Oscar A Jofre (01:03:34.25)
Not from investing, no. Educating. Education is the key.Investing is the outcome. And the only way you can get people to invest is toteach them or get them to understand how it all works. If people do not knowhow it works, why would they put money into it? That's one, because fear. Wealready robbed them of their money already with blockchain. We haven't talkedabout it, but you said we were talking about crypto, but let me just give yousomething.
Oscar A Jofre (01:04:03.83)
that lately I've been thinking a lot about. I was at anevent in New York, March last year. It was a crypto event. Tim Draper wasspeaking at it. And someone in the audience was asking him, what do you thinkabout all these dips? And at that time crypto was crashing like crazy, at thatparticular week or month or, I don't participate. So,
And his response was, this was the price of innovation. And,you know, at first time, I, okay, good. So I'm glad you asked that because I'mgoing, what do you mean the price of innovation? I don't see any of that in anyof the advertising these guys are blowing. I don't see innovation. I just seeit's gonna go from five cents to 10 cents to 15, 20 cents. You're all talkingin US dollars. So we're...
Oscar A Jofre (01:05:02.058)
Where is that innovation? And I thought for a moment there,and that's why the regulator said, is enough is enough. You've been sellingthis as innovation, the price of innovation. The problem is you didn't tell theaudience that what you were really doing, you were innovating, but you needtheir money to play with, to innovate. And by the way, you're gonna lose it allfor various reasons. And even if you put it in blind print like that, theystill wouldn't read it because you sold it.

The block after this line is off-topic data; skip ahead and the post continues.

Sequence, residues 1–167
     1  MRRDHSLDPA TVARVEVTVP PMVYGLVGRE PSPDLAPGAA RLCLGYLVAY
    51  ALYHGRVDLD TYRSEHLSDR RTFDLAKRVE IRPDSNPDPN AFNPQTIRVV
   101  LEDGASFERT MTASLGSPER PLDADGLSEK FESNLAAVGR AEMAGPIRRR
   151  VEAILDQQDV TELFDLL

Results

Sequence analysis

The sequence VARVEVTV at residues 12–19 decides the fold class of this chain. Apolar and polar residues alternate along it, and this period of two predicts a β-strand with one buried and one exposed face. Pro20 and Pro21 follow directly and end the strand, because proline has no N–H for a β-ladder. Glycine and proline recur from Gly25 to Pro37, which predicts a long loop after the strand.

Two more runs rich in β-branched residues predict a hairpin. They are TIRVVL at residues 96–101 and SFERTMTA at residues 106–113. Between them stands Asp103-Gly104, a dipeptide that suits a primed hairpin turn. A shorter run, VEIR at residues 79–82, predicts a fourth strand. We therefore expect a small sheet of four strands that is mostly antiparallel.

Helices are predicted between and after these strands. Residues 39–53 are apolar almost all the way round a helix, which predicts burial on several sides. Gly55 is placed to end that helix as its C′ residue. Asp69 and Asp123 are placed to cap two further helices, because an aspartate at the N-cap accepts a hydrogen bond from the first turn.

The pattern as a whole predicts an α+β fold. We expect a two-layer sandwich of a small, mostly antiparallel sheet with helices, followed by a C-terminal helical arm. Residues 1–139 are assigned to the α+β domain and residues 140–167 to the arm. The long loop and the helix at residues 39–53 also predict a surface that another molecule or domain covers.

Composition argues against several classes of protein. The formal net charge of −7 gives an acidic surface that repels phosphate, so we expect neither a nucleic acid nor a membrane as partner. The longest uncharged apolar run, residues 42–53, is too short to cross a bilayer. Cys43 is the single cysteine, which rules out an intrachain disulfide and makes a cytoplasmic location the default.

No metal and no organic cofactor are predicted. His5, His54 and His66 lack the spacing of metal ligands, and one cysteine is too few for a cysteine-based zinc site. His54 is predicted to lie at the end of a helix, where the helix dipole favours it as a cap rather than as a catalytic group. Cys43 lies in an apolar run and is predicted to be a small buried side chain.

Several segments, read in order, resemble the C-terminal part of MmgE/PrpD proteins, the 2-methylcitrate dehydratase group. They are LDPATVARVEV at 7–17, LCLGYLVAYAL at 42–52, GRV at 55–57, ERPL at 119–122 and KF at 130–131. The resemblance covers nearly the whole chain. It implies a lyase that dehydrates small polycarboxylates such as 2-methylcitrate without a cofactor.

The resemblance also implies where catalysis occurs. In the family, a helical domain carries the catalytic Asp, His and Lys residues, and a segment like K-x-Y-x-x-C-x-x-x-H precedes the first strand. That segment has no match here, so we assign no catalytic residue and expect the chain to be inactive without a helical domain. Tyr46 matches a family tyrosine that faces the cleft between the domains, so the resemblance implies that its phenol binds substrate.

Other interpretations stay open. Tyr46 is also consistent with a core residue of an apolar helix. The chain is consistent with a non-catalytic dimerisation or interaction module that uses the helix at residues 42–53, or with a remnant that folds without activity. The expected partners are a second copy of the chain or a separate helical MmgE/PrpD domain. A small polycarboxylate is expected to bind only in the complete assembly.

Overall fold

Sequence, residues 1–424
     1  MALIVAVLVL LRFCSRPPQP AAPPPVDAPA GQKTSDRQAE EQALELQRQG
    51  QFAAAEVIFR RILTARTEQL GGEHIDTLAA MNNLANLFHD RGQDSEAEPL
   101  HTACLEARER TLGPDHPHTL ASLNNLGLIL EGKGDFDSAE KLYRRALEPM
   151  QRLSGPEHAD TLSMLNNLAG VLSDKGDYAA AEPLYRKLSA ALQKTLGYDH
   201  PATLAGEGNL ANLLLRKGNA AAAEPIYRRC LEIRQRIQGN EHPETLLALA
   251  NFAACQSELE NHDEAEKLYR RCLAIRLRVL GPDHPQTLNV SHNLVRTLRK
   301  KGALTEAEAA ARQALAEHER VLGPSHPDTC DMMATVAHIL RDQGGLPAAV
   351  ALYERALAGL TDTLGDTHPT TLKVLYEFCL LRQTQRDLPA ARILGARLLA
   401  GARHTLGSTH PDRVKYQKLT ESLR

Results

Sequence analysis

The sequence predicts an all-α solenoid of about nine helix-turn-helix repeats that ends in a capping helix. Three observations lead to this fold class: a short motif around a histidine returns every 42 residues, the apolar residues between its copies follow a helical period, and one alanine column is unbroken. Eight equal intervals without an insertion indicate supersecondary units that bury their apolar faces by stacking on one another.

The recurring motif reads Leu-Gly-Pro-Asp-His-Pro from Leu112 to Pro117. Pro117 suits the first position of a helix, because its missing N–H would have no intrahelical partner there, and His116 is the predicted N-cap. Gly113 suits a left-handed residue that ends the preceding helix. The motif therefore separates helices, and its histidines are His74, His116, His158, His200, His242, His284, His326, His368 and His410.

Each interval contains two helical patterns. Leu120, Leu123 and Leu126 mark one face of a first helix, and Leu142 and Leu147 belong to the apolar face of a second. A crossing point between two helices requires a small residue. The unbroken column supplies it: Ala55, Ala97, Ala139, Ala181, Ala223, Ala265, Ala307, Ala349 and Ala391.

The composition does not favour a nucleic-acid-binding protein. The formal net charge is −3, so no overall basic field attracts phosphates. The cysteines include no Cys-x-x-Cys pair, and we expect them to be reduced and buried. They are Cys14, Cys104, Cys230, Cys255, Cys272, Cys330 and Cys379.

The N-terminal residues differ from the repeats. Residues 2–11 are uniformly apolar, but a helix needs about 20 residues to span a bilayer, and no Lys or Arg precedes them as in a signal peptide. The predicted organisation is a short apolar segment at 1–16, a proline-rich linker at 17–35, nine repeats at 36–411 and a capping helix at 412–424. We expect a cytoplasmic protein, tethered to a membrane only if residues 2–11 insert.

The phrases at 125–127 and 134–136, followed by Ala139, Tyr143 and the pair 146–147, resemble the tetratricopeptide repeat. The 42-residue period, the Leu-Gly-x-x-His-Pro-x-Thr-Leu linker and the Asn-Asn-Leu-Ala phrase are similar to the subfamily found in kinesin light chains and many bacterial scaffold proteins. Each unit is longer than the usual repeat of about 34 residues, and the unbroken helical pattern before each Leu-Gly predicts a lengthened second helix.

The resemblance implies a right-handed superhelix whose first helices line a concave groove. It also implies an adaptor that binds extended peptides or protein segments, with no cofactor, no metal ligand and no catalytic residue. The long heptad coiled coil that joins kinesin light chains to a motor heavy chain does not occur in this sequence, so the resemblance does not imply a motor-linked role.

not as innovation. You sold it as something else. So I'vebeen a skeptic about that for a long time. I think crypto has a space. There'snothing wrong with it. But because of that, it's left people's wallets empty. Alot of people. And those people are affected. And this time, you can't blameWall Street. See, Wall Street was 2008. Blockchain was done by us. We did it topeople. Now me personally,
but we did it to people and that is on us. So we need toearn back their trust. You know, our core chain, our slogan is very simple.One, we're here to protect investors and we're trying to make, we're bringingtransparency to the private markets. You using our technology, you're not gonnago to jail. And if you don't go to jail, that means your investors are safe,their investment is safe. And nobody has ever said those words in
the blockchain crypto space. Nobody. That's us. That's whatwe are. Why? Because we took our time. We went to the SEC. We got it qualified.It took almost three years. You go out and do that and get it done and then Ican go to any company and say, use our technology and not a problem. Because Ialready went through it, right? And it's not going to cost you millions ofdollars to get it complete. So